Occupiers must be alert to changes to lending and insurance requirements as a result of the Grenfell Tower tragedy. The fire initiated the largest review of health and safety legislation in the UK since 1945. Two inquiries are currently underway which are expected to lead to substantial changes to building regulations and fire safety, with a public inquiry investigating the causes of the fire.
Monthly Archives: February 2018
Mrs Mary Sargeant’s case is a classic example of why advisers of bereaved widow(er)s are ideally placed to help their clients consider whether sufficient provision has been made for them under their deceased spouse’s Will. The problem, as Mrs Sargeant found out, is that this is sometimes not obvious even a number of months after their spouse’s death. However, the law places restrictions on how long bereaved spouses can take to try to improve their financial lot if insufficient provision has been made for them.
In a useful reminder for parties who might not otherwise consider themselves to be subject to English jurisdiction, in the recent case of Bestolov v Povarenkin, the High Court confirmed that, where a defendant is domiciled in England, the courts of this country have jurisdiction and moreover no discretion to decline jurisdiction.
The court held that the defendant was domiciled in England, although he was a Russian national who had always been resident in Russia, had a “family home” in Moscow, was tax domiciled in Russia, ran his business from Russia, spent about 200 days of the year in Russia and had no business assets in England.
New federal tax law spurring state action in the form of legislative mitigation, plaintiff coalitions
In early January, Governing revealed that 25 states are facing budget shortfalls going into 2018, but “[t]hat’s better than the 31 shortfalls [that the government relations firm MultiState] found last January.” The states with high concentrations of oil and natural resource states, mostly in the Midwest and the Northeast, are hardest hit.
The piece noted that for some, like Rhode Island and Vermont, lawmakers should be able to resolve the discrepancies relatively easily. But others, like New York, “may have to consider significant changes to solve their fiscal problems.” New York faces a large deficit, as we described in our piece this week covering Gov. Cuomo’s budget speech.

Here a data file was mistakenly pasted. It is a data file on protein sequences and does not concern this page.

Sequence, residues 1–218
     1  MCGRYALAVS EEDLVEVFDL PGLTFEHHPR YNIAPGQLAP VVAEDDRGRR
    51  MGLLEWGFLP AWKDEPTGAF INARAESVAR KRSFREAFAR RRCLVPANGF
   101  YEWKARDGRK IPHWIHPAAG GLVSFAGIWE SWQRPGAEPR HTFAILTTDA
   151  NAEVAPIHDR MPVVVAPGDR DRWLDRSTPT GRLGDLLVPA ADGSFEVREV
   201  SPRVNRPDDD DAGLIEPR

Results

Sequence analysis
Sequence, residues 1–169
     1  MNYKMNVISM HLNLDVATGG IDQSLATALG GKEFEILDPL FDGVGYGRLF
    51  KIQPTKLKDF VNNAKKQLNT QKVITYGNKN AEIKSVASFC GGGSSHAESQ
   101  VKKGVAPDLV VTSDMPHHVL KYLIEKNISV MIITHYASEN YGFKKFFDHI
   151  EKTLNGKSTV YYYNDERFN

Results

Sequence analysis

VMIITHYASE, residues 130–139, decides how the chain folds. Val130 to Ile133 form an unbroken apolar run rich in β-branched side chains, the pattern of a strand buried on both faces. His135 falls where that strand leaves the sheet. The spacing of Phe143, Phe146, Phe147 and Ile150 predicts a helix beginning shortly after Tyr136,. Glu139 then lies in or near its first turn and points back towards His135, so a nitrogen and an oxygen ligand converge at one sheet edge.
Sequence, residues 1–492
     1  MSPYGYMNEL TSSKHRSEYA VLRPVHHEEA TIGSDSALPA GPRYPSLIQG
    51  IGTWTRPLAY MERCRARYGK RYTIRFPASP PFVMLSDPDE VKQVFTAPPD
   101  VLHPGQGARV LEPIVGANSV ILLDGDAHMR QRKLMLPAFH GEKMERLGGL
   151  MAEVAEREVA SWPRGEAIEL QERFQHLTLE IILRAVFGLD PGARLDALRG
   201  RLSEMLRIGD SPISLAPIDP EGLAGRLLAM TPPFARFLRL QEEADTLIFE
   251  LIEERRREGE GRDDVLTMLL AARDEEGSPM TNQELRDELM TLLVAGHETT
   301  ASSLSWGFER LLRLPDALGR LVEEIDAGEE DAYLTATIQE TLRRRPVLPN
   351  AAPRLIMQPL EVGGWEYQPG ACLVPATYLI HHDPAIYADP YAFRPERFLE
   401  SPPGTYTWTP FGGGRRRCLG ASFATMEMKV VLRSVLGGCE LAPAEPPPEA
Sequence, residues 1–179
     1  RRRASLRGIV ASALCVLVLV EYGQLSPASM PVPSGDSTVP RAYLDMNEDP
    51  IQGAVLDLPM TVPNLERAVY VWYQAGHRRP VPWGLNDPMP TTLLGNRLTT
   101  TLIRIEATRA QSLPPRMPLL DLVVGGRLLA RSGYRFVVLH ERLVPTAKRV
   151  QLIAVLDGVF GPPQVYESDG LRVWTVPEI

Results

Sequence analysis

Last week, Gov. Jerry Brown gave his final state of the state speech. Just one sentence in, he asserted, “[s]imply put, California is prospering.” Personal income has grown to $2.4 trillion, from $154 billion in 1975, and 2.8 million new jobs have been created.
In 1975 the governor started the first of two terms that ended in 1984. In 2011, when he began his third term, California faced a $27 billion deficit, and the media disparaged the state without mercy: The New York Times called California “The Coast of Dystopia,” the Wall Street Journal foresaw a “Great California Exodus,” and the Economist of London pronounced the Golden State, “The Ungovernable State,” while Business Insider “simply said: ‘California is Doomed.’”
When Gov. Andrew Cuomo gave his state of the state speech on Jan. 3, 2018, he spent much of it lamenting the challenges that New York faces, which, he argued, are made much worse by the federal tax bill that caps the deduction for state and local taxes (the SALT deduction) at $10,000 when not incurred through a trade or business.
On January 17, 2018, a federal judge stayed enforcement of New York City’s (“City”) recently-enacted Fast Food Deductions Law (the “Deductions Law”). The order, entered by consent, was entered in a lawsuit challenging the law filed against the City by two leading foodservice advocacy organizations (Restaurant Law Center, et al. v. City of New York, et al., 1:17cv9128). The stay is currently in place until the earlier of the determination of the parties’ dispositive motions or March 30, 2018.
Is the NLRB’s General Counsel Planning to “Reorganize” the Labor Board’s Regional Directors and Field Offices?
Over the past several weeks there have been conflicting reports concerning what The New York Times described as “a proposal” by Peter Robb, who was sworn in as the National Labor Relations Board’s (“NLRB” or the “Board”) General Counsel on November 17, 2017, to “demote” the Board’s Regional Directors and career “senior civil servants who resolve most labor cases,” and transfer their decision making authority to “a small cadre of officials installed above them in the National Labor Relations Board’s hierarchy,” apparently answerable to the General Counsel.